Food Intolerance: Establishing Your Baseline Frequency and Severity of Symptoms With a Diet Diary

by Dr. Scot Lewey - Date: 2007-01-08 - Word Count: 502 Share This!

Food intolerance is associated with a number of both digestive and non-digestive symptoms: Celiac disease, gluten sensitivity, and other food intolerance may be associated with numerous digestive and non-digestive symptoms. Some of the most common non-digestive symptoms reported by people include fatigue or sense of being overly tired, headaches, bone, joint and/or muscle pain, mental fogginess or impaired attention, nerve pain (neuropathy), skin rashes. The most common digestive symptoms include feeling of excess fullness with meals or afterwards, bloating or distended abdomen, diarrhea, excess or foul gas, constipation, heartburn, nausea, vomiting and abdominal pain.

It is important to rate the severity and frequency of common symptoms before and after starting an elimination diet:

A good place to start when determining if foods are causing your symptoms is to keep a symptom diet diary along with your own "Top Ten Symptoms" list. The initial symptom list should include a baseline rating of the frequency and severity of your symptoms before making any change in your diet or eating pattern.

The key to success with an elimination diet is an adequate trial with accurate diary: When trying to determine if certain foods are contributing to how you feel and the kinds of symptoms you are experiencing, it is important to complete an adequate trial of elimination combined with accurate recording of what you eat and how you feel. A commitment to 4 weeks to try strictly eliminating the foods recommended according to your specific assessment while recording accurately what you are eating and how you feel will help you identify patterns. It will also help you stay motivated to eliminate, restrict or rotate regularly any problem foods when you see patterns revealed.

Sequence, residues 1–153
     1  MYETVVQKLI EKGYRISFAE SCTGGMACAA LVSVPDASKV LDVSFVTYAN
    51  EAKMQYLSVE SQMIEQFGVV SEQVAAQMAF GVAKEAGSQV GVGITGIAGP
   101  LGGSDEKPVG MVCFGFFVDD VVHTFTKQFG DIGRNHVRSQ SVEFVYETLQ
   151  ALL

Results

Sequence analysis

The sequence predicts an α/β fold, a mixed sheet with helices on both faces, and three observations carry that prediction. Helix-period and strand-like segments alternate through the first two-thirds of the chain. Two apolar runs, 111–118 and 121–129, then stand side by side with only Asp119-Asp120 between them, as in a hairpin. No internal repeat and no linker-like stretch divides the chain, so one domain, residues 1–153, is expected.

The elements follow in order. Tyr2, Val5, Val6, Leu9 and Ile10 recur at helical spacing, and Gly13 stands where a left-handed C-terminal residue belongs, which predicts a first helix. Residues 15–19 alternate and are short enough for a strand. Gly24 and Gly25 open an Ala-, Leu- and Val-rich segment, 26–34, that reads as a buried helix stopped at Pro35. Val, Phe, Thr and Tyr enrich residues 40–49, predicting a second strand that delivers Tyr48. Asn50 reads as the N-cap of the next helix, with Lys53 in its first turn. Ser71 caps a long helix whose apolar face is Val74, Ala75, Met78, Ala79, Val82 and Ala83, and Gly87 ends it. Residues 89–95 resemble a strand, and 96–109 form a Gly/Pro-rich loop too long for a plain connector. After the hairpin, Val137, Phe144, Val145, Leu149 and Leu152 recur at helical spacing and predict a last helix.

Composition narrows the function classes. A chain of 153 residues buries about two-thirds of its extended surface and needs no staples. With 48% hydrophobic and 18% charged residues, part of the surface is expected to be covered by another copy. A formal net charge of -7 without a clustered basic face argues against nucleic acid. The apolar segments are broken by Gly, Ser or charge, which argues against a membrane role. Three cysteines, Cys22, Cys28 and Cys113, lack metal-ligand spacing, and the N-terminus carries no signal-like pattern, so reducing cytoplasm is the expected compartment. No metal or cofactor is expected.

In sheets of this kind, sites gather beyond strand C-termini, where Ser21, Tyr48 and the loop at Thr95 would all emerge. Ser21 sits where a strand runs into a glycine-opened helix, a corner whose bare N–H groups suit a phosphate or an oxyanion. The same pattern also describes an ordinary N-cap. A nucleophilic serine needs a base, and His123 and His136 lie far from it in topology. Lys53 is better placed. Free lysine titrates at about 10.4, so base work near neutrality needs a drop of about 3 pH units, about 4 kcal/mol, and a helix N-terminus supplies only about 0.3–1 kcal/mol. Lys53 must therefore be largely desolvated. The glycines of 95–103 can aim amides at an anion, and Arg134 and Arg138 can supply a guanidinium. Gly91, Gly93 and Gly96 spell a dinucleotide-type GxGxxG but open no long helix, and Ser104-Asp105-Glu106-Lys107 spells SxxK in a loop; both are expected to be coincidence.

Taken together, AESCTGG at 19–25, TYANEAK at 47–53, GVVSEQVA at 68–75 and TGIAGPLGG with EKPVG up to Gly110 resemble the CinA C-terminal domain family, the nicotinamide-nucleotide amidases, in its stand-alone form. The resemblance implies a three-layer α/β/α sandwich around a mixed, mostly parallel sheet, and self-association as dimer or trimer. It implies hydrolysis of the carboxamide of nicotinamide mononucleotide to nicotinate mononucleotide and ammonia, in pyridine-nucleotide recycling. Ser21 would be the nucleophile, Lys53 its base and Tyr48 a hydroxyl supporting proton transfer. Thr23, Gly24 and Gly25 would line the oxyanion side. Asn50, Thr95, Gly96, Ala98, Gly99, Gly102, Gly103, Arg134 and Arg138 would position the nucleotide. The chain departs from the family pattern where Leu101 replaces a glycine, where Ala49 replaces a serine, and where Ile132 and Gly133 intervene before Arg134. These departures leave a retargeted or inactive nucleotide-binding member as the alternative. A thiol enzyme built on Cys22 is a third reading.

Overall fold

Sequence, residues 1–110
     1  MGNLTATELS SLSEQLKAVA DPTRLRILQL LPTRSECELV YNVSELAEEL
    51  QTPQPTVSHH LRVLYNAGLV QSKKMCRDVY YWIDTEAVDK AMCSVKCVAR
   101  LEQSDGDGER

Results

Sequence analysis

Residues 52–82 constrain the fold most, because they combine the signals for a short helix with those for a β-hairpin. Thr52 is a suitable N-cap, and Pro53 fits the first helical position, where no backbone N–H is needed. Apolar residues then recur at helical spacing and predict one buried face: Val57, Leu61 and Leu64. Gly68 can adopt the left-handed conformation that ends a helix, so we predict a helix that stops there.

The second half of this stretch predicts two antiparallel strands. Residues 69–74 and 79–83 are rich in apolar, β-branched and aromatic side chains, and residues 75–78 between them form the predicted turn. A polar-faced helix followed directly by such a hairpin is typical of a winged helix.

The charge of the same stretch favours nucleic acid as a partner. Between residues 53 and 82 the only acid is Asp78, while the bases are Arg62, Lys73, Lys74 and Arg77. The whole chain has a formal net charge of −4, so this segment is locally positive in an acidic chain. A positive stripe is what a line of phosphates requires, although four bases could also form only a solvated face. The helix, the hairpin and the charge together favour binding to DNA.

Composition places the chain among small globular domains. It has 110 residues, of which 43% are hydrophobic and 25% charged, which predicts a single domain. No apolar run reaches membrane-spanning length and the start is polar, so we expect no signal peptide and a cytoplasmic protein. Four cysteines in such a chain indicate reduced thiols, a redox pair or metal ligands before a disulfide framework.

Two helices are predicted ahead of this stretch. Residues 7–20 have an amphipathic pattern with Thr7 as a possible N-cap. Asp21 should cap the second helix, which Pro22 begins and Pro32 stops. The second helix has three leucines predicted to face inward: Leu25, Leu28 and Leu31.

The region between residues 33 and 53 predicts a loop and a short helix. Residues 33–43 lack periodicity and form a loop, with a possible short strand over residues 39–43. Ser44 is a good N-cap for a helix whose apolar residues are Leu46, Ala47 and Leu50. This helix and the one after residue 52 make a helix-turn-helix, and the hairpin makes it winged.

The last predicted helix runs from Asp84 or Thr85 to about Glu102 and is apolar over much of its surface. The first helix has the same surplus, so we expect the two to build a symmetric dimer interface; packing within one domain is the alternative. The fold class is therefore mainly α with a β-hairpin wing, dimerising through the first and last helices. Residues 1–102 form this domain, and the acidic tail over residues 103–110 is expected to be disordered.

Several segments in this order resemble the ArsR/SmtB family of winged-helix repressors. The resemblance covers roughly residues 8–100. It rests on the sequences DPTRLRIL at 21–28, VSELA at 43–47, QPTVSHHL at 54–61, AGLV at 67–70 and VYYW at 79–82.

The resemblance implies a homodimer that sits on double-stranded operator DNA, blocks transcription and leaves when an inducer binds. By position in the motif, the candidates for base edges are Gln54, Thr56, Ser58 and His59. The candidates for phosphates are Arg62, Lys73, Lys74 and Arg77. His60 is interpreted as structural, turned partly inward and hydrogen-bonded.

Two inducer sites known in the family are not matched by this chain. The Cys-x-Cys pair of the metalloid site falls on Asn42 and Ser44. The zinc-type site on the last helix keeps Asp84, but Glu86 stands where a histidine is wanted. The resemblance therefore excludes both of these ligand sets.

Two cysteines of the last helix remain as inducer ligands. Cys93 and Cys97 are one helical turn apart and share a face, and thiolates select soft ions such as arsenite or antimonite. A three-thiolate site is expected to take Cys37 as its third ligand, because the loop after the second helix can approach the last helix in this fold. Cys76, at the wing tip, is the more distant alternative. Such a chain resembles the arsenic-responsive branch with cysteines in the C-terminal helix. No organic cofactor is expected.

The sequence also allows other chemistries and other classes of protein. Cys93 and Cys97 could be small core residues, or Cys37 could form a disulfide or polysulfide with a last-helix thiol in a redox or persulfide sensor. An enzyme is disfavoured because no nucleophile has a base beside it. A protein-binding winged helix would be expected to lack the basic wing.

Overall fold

A minimum of a month of elimination diet is recommended:

It is recommended that you try a month of initial elimination diet because of the time it requires for the intestinal lining cells to repair and your body to eliminate any ongoing immune stimulation or inflammation. It also takes some time for individuals to identify hidden sources of possible problem foods and adjust to the new eating pattern.

Be prepared for the possibility that you may experience withdrawal symptoms:

Be aware that some individuals will experience classic withdrawal like symptoms in the first 3-7 days of eliminating certain foods, in particular grains and dairy products. Gluten in products made from wheat and casein in products containing cow's milk, contain morphine like substances. Gluten exorphines and casomorphin are produced from the digestion of gluten and casein respectively with morphine like effects. The term "comfort food" has a physiologic and biochemical basis. Many people have unconsciously or consciously developed a life-long pattern of self-medicating with food. A few are even addicted to certain foods. Furthermore, we all have very strong cultural, social and psychologically ties to eating and meals.

These guidelines should help you determine if foods are causing you symptoms and employing a diet diary followed by elimination diet. For more help see the Food Allergies Specialist - the Food Doc. An online symptom assessment tool and diet diary is coming soon.

Related Tags: gas, food allergies, abdominal pain, bloating, food intolerance, food sensivity, elimination diet

Dr. Scot Lewey, a food allergy expert-the food doc, is a medical doctor specializing in diseases of the digestive tract (gastroenterologist). For over two decades he has been practicing medicine, writing articles, and participating in research. A practicing physician who diagnoses and treats Celiac disease, food intolerance, food allergies, colitis, Crohn's disease, irritable bowel syndrome, stomach ulcers and acid reflux he is also personally is gluten and casein sensitive. He shares his unique and timely insights on his website at that is dedicated to helping people choose the "right foods to feel right".

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